“We will see in the next week or two, five-, six-digit, seven-digit, maybe even, some say, eight-digit bonuses for people in the banking industry,” CNN Chief National Correspondent John King said Sunday on CNN’s State of the Union. “Is there a message from the Obama White House to the banks as they prepare to make these big [bonus] announcements?”
“For Heaven’s sakes people,” Christina Romer, Chair of Obama’s Council of Economic Advisers, said in response, after pausing and appearing at a loss for words. “It does seem really ridiculous. We have had to take extraordinary actions to rescue the financial system. We always did it because that’s what had to be done for the American people. No one wanted to bail out the banks just for the banks’ sake. It’s because we know that credit is the lifeblood of a modern economy.”
“You would certainly think that the financial institutions that are now doing a little better would have some sense. This big bonus season - of course it offends the American people. It offends me,” Romer also told King.
Romer was circumspect when asked about the nation’s economy which continues to struggle more than a year after the financial crisis of late 2008 threatened another depression.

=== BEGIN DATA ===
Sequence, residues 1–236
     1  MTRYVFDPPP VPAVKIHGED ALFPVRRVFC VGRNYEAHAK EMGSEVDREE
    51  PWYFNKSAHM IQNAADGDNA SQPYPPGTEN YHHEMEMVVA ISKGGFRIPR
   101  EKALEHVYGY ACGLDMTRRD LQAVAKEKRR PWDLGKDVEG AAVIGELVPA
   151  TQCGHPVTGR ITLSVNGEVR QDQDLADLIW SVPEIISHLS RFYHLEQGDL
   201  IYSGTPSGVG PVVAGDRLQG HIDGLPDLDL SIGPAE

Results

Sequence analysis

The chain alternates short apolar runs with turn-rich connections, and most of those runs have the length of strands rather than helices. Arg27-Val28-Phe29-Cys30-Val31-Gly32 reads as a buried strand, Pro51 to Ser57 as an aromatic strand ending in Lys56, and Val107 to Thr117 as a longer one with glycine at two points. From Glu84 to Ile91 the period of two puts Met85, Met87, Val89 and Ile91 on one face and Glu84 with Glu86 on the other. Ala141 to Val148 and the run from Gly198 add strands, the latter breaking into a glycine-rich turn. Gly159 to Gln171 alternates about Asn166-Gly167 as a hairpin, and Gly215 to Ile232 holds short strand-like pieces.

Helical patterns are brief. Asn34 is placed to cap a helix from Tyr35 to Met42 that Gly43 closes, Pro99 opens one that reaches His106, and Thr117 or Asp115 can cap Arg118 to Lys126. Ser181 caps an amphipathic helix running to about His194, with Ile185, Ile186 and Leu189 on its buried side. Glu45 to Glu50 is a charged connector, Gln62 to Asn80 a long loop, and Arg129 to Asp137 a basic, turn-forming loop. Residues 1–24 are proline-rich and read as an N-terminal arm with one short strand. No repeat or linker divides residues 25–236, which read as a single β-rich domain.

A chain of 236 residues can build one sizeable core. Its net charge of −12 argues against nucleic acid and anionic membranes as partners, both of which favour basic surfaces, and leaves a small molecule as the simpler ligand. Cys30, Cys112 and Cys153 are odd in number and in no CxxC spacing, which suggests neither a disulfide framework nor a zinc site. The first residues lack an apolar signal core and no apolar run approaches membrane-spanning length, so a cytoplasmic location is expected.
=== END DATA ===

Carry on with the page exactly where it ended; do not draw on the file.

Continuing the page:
Asked to make a longer-term prediction about where the national unemployment rate, currently at 10 percent, will be at the end of 2010, Romer said “we are continuing a pattern of moderating job loss.” The top Obama economic adviser pointed out that job losses in the first quarter of 2009 averaged 691,000 per month. That figure dropped to 69,000 per month in the fourth quarter of 2009, Romer said. “That’s still way too many. It’s not job gains but it’s about a tenth of when we came to office,” Romer told King.
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And Romer called the administration’s prediction that job growth would turn positive by the spring of 2010 “a realistic estimate.” She also said that the nation’s gross domestic product, a key measure of the economy’s overall health, needs to grow at roughly two and a half percent annually in order for the unemployment rate to begin to decline.
Pressed by King about whether the unemployment rate will be lower in November when Democrats are expected to face a tough political landscape during the midterm elections, Romer said, “I don’t want to make a prediction just because there is so much uncertainty.”
“What I know is we are seeing steady progress. I’d absolutely expect that progress to continue through next year, and, I hope accelerate.”